CraneCharlotte Crane (Northwestern) presented When Is a Tax on Value (Not) a Tax on Income? An Exploration of the Puzzles in PPL v. Commissioner at Washington University yesterday as part of its International Tax Speakers Series hosted by Adam H. Rosenzweig:

This paper uses the issues raised by PPL v. United States (569 U.S. ___ (2013)) to explore whether an income tax can be distinguished from a wealth tax (or other tax on a single value) in a way that could be implemented, either for the purpose of defining those taxes for which the foreign tax credit was originally designed, or for the purpose of distinguishing income taxes from those tax instruments that remain beyond the reach of Congress even with the 16th amendment. It identifies two possible interrelated distinctions, that is, that an “income tax” must contain within its terms the criteria for ensuring that, should it be reimposed, proper allowance would be given for the initial imposition, and, if values are taxed without realization, later impositions must allow adjustment if those values will never be realized. (In simpler terms, unless a tax uses “basis” in a meaningful way, it is not an income tax.)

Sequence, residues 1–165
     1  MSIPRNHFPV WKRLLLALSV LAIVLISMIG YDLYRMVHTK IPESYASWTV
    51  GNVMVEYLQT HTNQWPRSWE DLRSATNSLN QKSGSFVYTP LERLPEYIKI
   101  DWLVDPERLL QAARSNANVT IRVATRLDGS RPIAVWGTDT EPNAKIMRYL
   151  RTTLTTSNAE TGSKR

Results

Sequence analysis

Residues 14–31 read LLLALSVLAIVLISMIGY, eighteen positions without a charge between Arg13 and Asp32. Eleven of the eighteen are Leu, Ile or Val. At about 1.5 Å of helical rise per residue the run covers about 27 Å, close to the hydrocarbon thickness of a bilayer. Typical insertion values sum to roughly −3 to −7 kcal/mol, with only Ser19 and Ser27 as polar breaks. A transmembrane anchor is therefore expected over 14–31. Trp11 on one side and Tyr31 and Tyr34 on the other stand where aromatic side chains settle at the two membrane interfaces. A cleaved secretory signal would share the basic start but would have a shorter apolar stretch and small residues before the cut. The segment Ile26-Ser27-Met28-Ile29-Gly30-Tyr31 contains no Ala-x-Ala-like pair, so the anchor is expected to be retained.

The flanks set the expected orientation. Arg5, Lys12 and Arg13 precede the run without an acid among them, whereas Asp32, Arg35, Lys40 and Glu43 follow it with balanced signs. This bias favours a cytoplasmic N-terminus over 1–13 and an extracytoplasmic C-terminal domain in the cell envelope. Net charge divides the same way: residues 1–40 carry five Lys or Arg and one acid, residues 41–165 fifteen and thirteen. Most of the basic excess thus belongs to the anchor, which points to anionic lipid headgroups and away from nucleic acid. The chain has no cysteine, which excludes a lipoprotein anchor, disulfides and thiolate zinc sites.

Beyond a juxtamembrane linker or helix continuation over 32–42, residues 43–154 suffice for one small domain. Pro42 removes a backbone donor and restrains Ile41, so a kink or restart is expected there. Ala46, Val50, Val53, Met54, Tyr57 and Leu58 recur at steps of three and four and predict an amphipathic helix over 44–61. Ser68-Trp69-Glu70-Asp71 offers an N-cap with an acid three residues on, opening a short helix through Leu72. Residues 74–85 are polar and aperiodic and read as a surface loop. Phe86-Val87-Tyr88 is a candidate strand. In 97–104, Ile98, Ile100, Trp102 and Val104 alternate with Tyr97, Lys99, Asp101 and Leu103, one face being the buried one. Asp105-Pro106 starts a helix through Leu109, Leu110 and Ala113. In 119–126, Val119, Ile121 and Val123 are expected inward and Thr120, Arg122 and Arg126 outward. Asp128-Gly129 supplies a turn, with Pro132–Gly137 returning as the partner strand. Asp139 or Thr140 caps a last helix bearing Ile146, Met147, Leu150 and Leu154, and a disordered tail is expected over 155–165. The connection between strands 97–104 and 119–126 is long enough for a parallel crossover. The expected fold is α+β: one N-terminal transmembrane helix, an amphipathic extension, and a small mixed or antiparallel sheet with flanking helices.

March 29, 2014 in Colloquia, Scholarship, Tax | Permalink | Comments (0)

Friday, March 28, 2014

The Tax Lawyer Publishes New Issue

The Tax Lawyer (2013)The Tax Lawyer has published Vol. 67, No. 2 (Winter 2014):

March 28, 2014 in ABA Tax Section, Scholarship, Tax | Permalink | Comments (0)

Weekly SSRN Tax Roundup

March 28, 2014 in Scholarship, Tax, Weekly SSRN Roundup | Permalink | Comments (0)

Weekly Student Tax Note Roundup